MoI targets could be considered provided they are well reflected in the planning documents
       which will be reviewed (some relate to very specific sectoral issues). In many instances,
       however, development planning frameworks do address issues of relevance to SDG 17. For
       instance, debt sustainability (as part of the macro-economic framework), national targets for
       domestic resource mobilization, trade expansion or simply a resources and results framework.

    2. Identify the main broad thematic areas (or clusters of investment) under which the planning in
       the country/region is structured (e.g., economic growth; poverty reduction/eradication; social
       protection; hunger; health; education; gender; inequality; security, peace and violence;
       governance; environment and transboundary issues). Under these thematic areas, the planning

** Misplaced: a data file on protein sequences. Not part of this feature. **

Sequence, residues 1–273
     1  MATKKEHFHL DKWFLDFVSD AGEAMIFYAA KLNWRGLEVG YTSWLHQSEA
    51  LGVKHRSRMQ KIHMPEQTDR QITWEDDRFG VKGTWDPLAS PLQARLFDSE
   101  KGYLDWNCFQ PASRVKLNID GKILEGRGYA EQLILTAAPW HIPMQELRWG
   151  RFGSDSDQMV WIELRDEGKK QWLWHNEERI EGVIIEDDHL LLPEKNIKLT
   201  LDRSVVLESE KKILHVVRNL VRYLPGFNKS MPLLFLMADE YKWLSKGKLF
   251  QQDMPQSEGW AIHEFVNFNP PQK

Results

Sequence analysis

documents will have listed the corresponding goals and targets.
    3. Adapt the template (contained in Template 2) to how the NDP is organized to facilitate
       assessment of alignment.

    4. Once the thematic areas (or clusters of investment) are identified (Template 2), map under which
       of the national thematic areas each of the SDG goals/targets would fall.
    5. From each of the planning documents available, identify the closest goal/target that addresses
       the issues in the corresponding SDG goal/target.

    6. Identify the nationally measured indicators for the national target identified.
    7. When comparing the national goal/target (if it exists in the planning document) with the
       corresponding SDG target, indicate:
           a. whether the SDG goal/target is reflected in the planning document (yes/no);
           b. If reflected/aligned, is the target fully aligned, or partially aligned with domestic
              goals/targets.

1.2.1 How to determine if an SDG target is fully aligned or partially aligned